Helping 'The Secret Invasion' is the fantastic cast. Everyone involved is clearly having a great time playing their specific roles. Considering they got to a lot of their own stunt work, running, jumping, climbing rocks and shooting machine guns, it's easy to see why they took to the material. It's a blast to see Edd Byrnes try to escape his duties by cooking up some elaborate scheme, rope in the others and then fail. It's fun watching Mickey Rooney hang on a thick Irish accent as he sings a tune while blowing up Nazis. It was awesome to see Henry Silva play a character that relishes the chance to kill, but is torn to pieces when he does it accidentally to an innocent. All of the time and effort centered around building up believable, likable characters pays off by the time the film reaches the climatic battle. If you've never seen the film, you're in for a fun treat.
The Blu-ray: Vital Disc Stats
'The Secret Invasion' arrives on Blu-ray from Kino Lorber pressed on a Region A locked BD25 disc. Housed in a standard case, the disc opens directly to the main menu.
For a medium budget Roger Corman film that's over 50 years old, 'The Secret Invasion' looks pretty darn fantastic with this 2.35:1 1080p transfer. Don't let the early stock footage worry you. There is the expected age and print wear in the form of nicks and specks, but otherwise this image is practically perfect. With film grain intact while still under control, detail levels are absolutely outstanding. All you have to do is look at the beautiful Yugoslavian architecture and the costumes to see this film holds up beautifully on Blu-ray. Black levels are for the most part pretty solid, there are a couple night scenes that some subtle crush issues, but nothing terrible. Colors are also equally impressive. This is a bright movie so primaries have a lot of pop to them - especially red as quite a bit of fake blood makes an appearance, but thankfully never looks pink. Flesh tones are equally solid. All around this is an impressive catalog transfer.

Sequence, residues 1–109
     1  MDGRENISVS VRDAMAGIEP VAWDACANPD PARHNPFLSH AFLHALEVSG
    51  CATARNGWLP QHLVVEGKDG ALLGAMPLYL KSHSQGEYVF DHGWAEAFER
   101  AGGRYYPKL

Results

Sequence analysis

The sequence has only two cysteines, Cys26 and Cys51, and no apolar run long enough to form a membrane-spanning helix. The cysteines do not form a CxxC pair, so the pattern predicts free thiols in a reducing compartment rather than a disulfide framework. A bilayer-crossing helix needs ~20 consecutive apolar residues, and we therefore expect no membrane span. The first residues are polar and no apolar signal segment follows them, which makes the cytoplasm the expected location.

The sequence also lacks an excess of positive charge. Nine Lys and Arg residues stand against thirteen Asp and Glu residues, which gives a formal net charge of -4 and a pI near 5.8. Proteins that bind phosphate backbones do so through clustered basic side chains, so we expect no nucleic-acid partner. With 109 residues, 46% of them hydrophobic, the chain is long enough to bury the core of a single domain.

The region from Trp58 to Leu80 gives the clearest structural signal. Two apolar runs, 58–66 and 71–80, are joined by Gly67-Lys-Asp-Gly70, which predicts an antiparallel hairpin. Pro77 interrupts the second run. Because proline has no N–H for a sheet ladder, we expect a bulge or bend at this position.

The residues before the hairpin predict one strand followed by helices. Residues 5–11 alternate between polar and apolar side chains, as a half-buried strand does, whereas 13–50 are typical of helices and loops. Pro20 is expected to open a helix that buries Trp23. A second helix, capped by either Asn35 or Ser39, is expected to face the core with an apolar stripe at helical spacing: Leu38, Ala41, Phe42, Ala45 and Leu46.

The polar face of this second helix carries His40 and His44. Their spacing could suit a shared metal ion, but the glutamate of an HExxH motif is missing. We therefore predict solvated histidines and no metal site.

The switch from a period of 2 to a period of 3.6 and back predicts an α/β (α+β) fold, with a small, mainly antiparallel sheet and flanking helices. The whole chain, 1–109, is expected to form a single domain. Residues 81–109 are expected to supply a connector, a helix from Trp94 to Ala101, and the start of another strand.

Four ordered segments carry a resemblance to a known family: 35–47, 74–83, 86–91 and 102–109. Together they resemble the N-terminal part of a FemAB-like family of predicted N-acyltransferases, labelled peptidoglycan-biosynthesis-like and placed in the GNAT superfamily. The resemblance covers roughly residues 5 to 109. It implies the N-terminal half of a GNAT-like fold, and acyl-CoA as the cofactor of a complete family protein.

With its English DTS-HD MA 2.0 track, 'The Secret Invasion' brings WWII to your living room in grand fashion. Much front half of the film is dialogue driven with only a few loud action beats to spice things up. During that time levels stay consistent and true and you never have to struggle to hear what's being said as dialogue, sound effects, and music have plenty of separation. Towards the climax of the film, levels get a little tipsy. It appears that a lot of the dialogue had to be looped in later as there is quite a bit of rubber mouthing happening and the words spoken don't quite feel present to the scene. That's probably a side effect of the shoot itself, but it is especially noticeable with the high quality of this track. Without any anomalies of any kind or any kind of age related hiss or pop, this audio track does this movie justice.
Interview With Roger Corman: (HD 5:35) This quick on-camera interview offers a lot of insight into what went on during the production. It's easy to see Roger is a fountain of information so it's a shame that this interview is so short.
Theatrical Trailer: (HD 3:12) It's a fun trailer that sells the movie well and at the same time helps you appreciate the condition the main film is in.
When you sign up to review a Roger Corman movie, you're virtually guaranteed to have a good time. Whether or not that's because the movie is actually good is debatable, but in the case of 'The Secret Invasion' there is a lot of fun to be had with this little action adventure thriller. The story is clean. The production is impressive. The cast is a blast. If you've never seen this film, give it a shot, the audio is strong and picture quality is outstanding. A great way to spend 98 minutes of your time. Easily recommended